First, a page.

The people of Haiti voted for Jean-Bertrand Aristide for president because his radical rhetoric promised a clean break from the Duvalierist past. They voted against the thugs of the Tontons Macoute, who enforced the Duvalier family dictatorship for 29 years ending in 1986 and still claim power and privilege. They voted against despair in the hemisphere's poorest country. They voted for hope, and for more hope than other decent candidates among the 11 could promise.
Four days after the election, with no more than 15 percent of the vote officially counted (in which he had a commanding 65 percent), the United States and France had declared Father Aristide the victor. He remained silent, but his party co-leader, Evans Paul, came forward. Yes, Mr. Paul thinks Father Aristide won the presidency without the need for a run-off election. No, he does not think their party won a majority of the 110-seat national assembly. It will seek coalition.
Father Aristide is prepared to quit the priesthood to govern if the Vatican so wishes. He was booted out of his order for espousing liberation theology, with its revolutionary implications. He is only 37, shy and retiring, but turns to fire when exhorting the people to claim the freedom and justice to which they are entitled. Small wonder the forces that tried to assassinate him in the past swore not to let him come to power now. Father Aristide's apparent landslide support should intimidate the army from preventing his accession. The people would not stand for that.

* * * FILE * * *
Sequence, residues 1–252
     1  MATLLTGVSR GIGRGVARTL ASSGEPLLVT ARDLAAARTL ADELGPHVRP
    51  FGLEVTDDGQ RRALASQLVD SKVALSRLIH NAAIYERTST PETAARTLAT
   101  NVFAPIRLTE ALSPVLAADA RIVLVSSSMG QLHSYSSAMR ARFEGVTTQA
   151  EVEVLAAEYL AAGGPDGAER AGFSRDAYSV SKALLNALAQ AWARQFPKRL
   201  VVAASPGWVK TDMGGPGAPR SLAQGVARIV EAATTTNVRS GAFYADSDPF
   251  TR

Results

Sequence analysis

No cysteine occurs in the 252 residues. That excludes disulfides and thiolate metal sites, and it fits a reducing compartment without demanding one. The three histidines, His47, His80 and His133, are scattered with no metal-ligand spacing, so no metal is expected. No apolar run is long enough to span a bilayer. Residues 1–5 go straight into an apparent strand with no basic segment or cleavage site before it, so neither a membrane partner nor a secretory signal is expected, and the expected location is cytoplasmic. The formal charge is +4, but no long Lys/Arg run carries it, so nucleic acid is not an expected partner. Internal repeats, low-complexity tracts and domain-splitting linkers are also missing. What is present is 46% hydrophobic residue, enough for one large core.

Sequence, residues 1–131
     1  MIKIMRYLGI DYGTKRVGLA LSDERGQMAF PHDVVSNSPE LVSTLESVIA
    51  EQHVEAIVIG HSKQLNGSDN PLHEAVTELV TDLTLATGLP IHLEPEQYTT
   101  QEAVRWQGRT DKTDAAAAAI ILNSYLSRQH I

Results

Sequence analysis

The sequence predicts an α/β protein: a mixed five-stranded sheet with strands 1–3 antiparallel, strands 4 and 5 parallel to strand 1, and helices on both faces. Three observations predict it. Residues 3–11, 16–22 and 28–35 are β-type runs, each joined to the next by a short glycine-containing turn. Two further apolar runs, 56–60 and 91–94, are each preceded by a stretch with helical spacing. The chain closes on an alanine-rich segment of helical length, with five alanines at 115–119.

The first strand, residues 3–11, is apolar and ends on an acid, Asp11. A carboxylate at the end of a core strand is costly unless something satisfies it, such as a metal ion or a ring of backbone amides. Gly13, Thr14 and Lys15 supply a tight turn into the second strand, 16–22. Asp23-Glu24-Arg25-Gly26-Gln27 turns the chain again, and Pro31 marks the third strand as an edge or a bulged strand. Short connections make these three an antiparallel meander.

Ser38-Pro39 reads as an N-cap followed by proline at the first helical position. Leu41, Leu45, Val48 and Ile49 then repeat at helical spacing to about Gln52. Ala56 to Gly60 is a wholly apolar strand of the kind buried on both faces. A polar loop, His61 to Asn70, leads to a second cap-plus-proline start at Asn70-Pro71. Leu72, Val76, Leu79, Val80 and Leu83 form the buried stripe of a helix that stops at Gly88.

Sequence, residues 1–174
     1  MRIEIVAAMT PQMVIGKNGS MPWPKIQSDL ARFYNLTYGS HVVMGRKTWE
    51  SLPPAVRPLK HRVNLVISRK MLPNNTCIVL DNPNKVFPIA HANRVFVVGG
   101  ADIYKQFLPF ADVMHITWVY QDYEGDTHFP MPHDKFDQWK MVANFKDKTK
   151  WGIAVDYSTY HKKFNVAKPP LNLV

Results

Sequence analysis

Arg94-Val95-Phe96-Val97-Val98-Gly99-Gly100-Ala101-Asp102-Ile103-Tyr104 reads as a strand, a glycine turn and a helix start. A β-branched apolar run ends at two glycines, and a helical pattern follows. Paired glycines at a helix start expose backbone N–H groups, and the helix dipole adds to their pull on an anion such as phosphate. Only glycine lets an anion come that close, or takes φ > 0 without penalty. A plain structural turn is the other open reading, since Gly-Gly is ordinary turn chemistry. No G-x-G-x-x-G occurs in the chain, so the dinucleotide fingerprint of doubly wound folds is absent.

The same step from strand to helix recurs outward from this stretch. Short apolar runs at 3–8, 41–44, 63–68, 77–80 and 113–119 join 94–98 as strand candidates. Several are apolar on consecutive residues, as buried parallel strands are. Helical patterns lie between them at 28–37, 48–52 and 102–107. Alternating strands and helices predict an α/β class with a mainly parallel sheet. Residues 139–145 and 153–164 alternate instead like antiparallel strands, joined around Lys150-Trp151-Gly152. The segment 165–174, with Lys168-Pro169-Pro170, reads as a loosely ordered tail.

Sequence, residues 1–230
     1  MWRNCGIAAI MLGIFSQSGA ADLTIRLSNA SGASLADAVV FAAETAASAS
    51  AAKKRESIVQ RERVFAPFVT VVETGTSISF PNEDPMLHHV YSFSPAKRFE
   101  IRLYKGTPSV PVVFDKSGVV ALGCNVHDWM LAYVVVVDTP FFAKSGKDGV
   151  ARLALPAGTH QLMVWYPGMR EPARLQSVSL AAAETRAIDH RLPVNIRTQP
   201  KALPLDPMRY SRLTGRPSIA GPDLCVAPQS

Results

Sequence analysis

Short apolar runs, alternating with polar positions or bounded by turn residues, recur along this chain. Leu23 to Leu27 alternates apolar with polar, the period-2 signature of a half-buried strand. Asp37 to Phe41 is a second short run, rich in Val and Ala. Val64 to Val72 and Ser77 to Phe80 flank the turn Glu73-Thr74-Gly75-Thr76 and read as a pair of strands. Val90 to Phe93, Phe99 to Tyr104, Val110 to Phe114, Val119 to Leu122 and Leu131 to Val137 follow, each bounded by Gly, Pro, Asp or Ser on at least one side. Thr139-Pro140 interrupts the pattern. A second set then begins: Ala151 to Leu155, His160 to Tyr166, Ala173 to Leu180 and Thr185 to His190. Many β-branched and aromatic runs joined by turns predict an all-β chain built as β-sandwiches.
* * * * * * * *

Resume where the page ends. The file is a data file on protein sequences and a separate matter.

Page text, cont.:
He has never worked in government and never said how he would deliver the justice, food and jobs for which he crusaded. Taming the army and suppressing the Tontons Macoute and bringing to justice the sinister former interior minister, Roger Lafontant, are daunting tasks that could unseat a reformist on Day One. It is not enough to be a great orator. President Aristide will need to be statesman and politician.
The U.S. government had more faith in Marc Bazin, a former World Bank official who came in a distant second. Washington should nonetheless support Haiti's people and do everything possible to help the honest reformer they elected. The trickle of U.S. aid, cut off for human rights abuses, should be restored upon the new president's accession. The election impressed a multitude of foreign observers as freely conducted, but judgment must be reserved until the count is announced. Father Aristide may be just what Haiti needs to liberate the creative impulses of a long-suppressed people. They, at least, think so.